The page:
Look for the opportunities and ways to meet needs

I live in a small community of amazing people who have been putting energy into helping the less fortunate in our community have access to food and other needs. They expanded the reach of the local food pantry and were able to put additional funds and grant money to help feed more people. They have also worked very hard at simply keeping spirits up, staying positive.

Picture of a Christmas ornament
Christmas Angel

Currently part of the outreach includes organizing meals for COVID patients in our community. They never stop trying to come up with something new. Most recently, Santa and Mrs. Claus coming into town on Fire trucks and a local Christmas Outdoor Decorating Contest and Snow man building contest. There is a community Facebook page that keeps current information and people are welcome to post needs. Folks are even allowed to grumble, although that is my least favorite part of the page because it seems unproductive. But it does allow people to express frustrations.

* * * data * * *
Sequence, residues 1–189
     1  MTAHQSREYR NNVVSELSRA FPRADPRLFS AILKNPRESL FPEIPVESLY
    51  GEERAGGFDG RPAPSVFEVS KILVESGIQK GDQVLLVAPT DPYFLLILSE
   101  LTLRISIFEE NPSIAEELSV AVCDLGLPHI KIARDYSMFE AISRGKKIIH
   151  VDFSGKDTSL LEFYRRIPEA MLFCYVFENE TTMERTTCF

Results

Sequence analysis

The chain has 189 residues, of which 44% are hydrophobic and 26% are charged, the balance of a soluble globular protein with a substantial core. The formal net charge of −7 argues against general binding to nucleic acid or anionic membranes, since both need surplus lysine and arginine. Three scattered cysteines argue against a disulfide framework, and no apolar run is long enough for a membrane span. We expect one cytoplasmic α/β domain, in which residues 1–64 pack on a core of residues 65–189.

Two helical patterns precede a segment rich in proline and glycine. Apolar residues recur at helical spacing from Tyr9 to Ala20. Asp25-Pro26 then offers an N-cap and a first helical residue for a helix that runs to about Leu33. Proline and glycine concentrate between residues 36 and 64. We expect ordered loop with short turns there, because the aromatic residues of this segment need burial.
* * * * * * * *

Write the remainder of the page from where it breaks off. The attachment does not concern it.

Develop skills for Critical Thinking Memes, tweets and Facebook posts can be good for speaking off the cuff, they can be fun and entertaining, but they can also block genuine and healing communication. I love Facebook and some memes, still haven’t gotten my head wrapped around Twitter. However, I do not base my political thoughts or religious theology on them. I want more depth. We need more depth. Part of it comes from reading sound resources, asking good questions and not accepting ideas uncritically. Fact Check and question, is this really true?